Ten years ago, University Bicycles founder Doug Emerson and his business partner, Frank Banta, had a Kevin Costner moment: If you build it, they will come. The “it” in this case was an Olympic-size cycling track known as a velodrome, which finally became a reality this summer. Erie’s Boulder Valley Velodrome track is the first of its kind in the Denver metro area and only the second in the state. (The other is in Colorado Springs and was built in 1983.)

“There’s a business element to it,” says Banta, citing a resurgence in the sport of track cycling. “We felt with our growing community and the interest in cycling along the Front Range—hundreds of thousands of active cyclists live between Fort Collins and Castle Rock—there’s surely a market to justify this venture.”

Construction of the project began in 2012, and after multiple delays because of violent storms and flooding in fall 2013, the velodrome officially opened in August. To start with, Emerson and Banta plan to accommodate 10 35-member clubs. (A club membership costs $500 per person, per year.) After Emerson and Banta solidify a training schedule for those teams, recreational riders who pass a training course will be able to rent bikes for a few fast-paced laps. Spectators, of course, are always welcome. bouldervalleyvelodrome.com


Race formats vary widely on velodromes. The most common type of race is a distance event in which multiple riders compete at the same time over a specified distance. You’ll also find relay-style formats and single-lap races—the latter last only about 15 seconds. And then there’s elimination: The last rider is dropped after a certain number of laps until only a single competitor remains.


Velodrome bicycles have no brakes and fixed gears (one speed)—a potentially terrifying thought when you consider these bikes can hit 40 mph. Because movement of the pedals is directly linked with the movement of the rear wheel, racers have to stop track bicycles gradually. “That way, nobody can stop too fast,” which can lead to nasty accidents, says Banta. These bikes are also designed so that the pedals don’t hit the track when riders bank around a turn.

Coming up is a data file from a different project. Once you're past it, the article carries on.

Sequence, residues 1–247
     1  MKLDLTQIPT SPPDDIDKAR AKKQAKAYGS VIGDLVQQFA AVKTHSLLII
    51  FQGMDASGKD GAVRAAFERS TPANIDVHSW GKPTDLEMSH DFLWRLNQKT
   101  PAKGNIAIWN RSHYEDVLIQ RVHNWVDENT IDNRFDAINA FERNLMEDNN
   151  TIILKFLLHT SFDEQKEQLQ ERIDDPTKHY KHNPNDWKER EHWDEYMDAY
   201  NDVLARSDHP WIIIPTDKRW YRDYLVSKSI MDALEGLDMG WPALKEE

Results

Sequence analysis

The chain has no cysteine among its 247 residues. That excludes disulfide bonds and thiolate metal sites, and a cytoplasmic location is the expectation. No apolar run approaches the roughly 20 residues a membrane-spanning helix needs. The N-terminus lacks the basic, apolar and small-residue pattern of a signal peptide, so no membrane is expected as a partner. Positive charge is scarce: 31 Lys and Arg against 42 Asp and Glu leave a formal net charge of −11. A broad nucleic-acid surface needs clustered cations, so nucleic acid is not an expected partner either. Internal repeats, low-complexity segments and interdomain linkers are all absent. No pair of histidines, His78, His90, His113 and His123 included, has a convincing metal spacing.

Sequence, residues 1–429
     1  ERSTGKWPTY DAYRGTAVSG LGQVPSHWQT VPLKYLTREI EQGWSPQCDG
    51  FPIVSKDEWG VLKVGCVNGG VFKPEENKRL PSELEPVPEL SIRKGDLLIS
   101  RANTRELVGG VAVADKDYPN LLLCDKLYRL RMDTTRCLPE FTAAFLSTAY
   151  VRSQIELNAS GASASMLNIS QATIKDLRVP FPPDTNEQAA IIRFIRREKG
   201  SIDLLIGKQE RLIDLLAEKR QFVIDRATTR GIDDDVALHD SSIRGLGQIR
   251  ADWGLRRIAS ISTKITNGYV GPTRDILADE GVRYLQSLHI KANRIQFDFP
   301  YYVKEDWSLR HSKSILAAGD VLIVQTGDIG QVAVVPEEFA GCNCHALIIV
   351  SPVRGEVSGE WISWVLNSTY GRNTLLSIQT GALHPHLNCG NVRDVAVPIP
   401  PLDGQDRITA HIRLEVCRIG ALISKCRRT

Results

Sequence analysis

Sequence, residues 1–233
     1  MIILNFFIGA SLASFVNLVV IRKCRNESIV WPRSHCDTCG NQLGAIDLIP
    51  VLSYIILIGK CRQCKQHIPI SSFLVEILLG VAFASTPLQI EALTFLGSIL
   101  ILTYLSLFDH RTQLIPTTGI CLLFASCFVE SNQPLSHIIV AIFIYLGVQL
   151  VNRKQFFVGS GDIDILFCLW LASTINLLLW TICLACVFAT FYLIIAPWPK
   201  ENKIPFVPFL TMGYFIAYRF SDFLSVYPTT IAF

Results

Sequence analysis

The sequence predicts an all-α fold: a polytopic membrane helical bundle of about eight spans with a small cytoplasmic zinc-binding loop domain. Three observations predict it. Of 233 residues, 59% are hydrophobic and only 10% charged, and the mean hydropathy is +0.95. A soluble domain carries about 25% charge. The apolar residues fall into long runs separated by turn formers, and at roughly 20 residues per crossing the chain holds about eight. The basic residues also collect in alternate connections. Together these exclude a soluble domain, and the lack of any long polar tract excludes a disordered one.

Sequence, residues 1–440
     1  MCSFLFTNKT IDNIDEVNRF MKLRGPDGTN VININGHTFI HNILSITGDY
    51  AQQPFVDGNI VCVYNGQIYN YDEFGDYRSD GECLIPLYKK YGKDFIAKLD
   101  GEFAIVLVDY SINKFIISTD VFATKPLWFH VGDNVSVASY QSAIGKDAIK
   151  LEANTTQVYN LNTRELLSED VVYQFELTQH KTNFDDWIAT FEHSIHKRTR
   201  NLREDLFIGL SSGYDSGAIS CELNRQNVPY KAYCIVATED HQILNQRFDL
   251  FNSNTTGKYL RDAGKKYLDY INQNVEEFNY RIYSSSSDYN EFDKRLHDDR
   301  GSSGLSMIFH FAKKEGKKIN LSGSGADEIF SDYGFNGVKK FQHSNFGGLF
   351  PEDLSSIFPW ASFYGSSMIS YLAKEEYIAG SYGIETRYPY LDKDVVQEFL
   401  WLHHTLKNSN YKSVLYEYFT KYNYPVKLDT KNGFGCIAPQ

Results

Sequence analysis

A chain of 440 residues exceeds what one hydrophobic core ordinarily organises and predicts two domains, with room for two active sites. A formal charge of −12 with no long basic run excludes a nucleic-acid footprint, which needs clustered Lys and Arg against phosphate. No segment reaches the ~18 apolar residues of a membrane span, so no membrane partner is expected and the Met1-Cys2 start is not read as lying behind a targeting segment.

Emerson and Banta coated the track with Sikkens gritted deck paint. The paint grips bike wheels and allows the racers to more comfortably reach record-breaking speeds.


The south side of the track features bleachers on a platform with enough room for about 250 spectators.


It wouldn’t be Colorado without a view. From the track, riders and spectators can see a panorama of the Front Range, including the iconic Longs Peak.


There are no strict guidelines governing the shape of a velodrome track, so no two are exactly the same. The Erie track stretches 250 meters, which has become
the standard track length for Olympic events.


Pitched at 11.5 degrees on the straightaways and 41.5 degrees on the turns, the track mimics the one used during the 2012 London Olympics. Emerson and Banta decided not to design the turns any steeper (some tracks are pitched up to 45 degrees) to accommodate beginning riders.


The list of riders involved with the track reads like a who’s who of local racing talent. Club coaches include Colby Pearce, an former Olympic cyclist, and Cari Higgins, a pro track cyclist. Popular 24-year-old pro cyclist and Boulder native Taylor Phinney is also a founding member of the velodrome.


To ride at the Boulder Valley Velodrome, you’ll need a category 4 racing license, which will allow you to race in any cycling event in the country. The track will have its own $250 certification course: eight 90-minute sessions covering everything from safety to racing strategy.